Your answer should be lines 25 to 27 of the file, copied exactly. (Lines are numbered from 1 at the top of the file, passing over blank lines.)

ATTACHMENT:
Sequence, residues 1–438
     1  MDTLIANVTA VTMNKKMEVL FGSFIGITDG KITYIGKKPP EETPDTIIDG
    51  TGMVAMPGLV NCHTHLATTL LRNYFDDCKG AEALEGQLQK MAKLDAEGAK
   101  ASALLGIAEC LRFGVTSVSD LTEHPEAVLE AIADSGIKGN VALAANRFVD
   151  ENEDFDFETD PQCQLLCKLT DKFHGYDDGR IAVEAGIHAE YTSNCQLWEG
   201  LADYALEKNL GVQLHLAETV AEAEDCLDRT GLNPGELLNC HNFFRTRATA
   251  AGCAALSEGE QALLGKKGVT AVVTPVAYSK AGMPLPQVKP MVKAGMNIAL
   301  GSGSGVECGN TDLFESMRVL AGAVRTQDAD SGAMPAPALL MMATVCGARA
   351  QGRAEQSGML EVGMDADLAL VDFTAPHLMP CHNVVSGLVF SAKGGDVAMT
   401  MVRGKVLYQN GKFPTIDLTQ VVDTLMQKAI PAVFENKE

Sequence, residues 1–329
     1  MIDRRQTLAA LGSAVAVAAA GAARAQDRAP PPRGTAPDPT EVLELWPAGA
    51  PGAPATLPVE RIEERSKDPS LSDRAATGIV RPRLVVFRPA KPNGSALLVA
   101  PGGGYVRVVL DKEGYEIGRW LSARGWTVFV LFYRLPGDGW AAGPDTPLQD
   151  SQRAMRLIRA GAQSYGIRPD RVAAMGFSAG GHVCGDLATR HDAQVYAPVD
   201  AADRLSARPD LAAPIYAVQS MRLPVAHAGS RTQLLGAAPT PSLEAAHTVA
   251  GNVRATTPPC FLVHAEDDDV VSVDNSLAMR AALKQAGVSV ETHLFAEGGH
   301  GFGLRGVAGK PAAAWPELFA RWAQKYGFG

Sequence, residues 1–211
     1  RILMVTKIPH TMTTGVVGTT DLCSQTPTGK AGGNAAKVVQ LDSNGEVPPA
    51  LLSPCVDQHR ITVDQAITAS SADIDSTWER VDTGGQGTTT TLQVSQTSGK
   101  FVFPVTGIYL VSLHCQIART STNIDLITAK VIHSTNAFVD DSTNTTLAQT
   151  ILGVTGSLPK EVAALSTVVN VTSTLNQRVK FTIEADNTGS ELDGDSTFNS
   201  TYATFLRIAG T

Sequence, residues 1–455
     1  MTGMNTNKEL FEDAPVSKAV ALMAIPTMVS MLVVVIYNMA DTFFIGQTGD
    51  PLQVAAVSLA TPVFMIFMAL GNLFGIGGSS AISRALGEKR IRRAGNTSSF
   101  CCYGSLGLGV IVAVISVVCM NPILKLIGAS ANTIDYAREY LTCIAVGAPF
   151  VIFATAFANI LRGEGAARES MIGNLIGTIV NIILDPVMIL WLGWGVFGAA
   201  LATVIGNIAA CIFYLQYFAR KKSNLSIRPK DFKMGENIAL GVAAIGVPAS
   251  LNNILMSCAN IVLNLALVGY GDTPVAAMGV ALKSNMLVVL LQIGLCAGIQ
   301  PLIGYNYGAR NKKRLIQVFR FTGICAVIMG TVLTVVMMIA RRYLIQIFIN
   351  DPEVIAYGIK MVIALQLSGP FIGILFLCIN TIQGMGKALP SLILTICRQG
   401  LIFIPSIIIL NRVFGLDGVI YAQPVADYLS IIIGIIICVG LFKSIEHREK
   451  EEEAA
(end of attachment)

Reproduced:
Sequence, residues 1–455
     1  MTGMNTNKEL FEDAPVSKAV ALMAIPTMVS MLVVVIYNMA DTFFIGQTGD
    51  PLQVAAVSLA TPVFMIFMAL GNLFGIGGSS AISRALGEKR IRRAGNTSSF